The Production Possibility Frontier
by Steven Suranovic ©1997-2004
The production possibility frontier can be derived in the variable proportions case by using the
same labor and capital constraints used in the fixed proportions case but with one important
adjustment. Under variable proportions the unit-factor requirements are functions of the wage-rental ratio (w/r). This implies that the capital-labor ratios (which are the ratios of the unit-factor
requirements) in each industry are also functions of the wage-rental ratio. If there is a change in
the equilibrium (for some reason) such that the wage-rental rate rises, then labor will become
relatively more expensive compared to capital. Firms would respond to this change by reducing
their demand for labor and raising their demand for capital. In other words firms will substitute
capital for labor and the capital-labor ratio will rise in each industry. This adjustment will allow
the firm to maintain minimum production cost and thus the highest profit possible.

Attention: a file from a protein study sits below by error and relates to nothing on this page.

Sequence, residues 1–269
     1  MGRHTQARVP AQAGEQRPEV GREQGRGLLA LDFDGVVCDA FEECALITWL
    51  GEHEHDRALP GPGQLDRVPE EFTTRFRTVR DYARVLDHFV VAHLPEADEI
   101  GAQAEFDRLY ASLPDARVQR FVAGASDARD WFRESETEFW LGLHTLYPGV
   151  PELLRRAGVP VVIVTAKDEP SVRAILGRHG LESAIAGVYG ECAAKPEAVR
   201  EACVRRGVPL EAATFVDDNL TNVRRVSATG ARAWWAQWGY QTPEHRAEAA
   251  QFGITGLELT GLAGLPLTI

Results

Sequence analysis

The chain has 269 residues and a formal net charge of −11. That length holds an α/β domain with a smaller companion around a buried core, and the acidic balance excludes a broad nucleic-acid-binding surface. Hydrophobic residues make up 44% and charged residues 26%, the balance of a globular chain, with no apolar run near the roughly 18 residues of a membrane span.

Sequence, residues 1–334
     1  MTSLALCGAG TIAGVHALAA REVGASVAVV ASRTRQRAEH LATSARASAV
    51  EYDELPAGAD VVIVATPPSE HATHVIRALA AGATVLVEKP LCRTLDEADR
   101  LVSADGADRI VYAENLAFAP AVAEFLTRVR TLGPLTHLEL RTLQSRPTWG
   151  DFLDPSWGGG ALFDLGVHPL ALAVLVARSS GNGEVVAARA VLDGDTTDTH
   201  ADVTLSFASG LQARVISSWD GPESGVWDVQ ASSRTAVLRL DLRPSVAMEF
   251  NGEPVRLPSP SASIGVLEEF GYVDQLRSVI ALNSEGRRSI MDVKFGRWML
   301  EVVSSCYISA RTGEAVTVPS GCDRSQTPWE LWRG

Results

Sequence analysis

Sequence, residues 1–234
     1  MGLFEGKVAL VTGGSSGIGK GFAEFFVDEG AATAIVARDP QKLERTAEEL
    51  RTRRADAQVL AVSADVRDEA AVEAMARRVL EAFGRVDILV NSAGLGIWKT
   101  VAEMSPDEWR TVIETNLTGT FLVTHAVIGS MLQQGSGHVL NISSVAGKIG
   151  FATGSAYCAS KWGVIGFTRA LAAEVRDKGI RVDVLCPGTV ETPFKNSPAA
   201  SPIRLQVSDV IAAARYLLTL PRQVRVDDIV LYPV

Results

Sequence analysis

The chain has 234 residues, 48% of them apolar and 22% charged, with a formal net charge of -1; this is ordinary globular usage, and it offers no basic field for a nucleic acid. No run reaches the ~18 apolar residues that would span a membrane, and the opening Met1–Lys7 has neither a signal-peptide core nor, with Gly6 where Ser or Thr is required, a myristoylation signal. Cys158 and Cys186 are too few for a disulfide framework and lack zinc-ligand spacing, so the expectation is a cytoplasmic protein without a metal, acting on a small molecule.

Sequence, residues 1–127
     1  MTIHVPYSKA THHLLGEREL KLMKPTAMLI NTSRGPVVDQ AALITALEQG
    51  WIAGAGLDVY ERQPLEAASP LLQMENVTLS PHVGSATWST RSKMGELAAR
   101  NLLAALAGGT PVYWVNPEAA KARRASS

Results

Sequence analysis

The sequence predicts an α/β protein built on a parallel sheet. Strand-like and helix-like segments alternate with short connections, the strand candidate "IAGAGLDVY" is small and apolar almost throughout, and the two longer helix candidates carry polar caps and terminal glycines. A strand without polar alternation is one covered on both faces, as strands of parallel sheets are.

The labor constraint with full employment can be written as,
where aLC and aLW are functions of (w/r).
The capital constraint with full employment becomes,
where aKC and aKW are functions of (w/r).
Under variable proportions the production possibility frontier takes the traditional bowed-out shape as shown in the adjoining Figure. All points on the PPF will maintain full employment of both labor and capital resources. The slope of a line tangent to the PPF (such as the line through point A) represents the quantity of steel that must be given up to produce another unit of clothing. As such, the slope of the PPF is the opportunity cost of producing clothing. Since the slope becomes steeper as more and more clothing is produced, (as when moving production from point A to B) we say that there is increasing opportunity cost. This means that more steel must be given up to produce one more unit of clothing at point B than at point A in the Figure. In contrast in the Ricardian model the PPF was a straight line which indicated constant opportunity costs.
International Trade Theory and Policy Lecture Notes: ©1997-2004 Steven M. Suranovic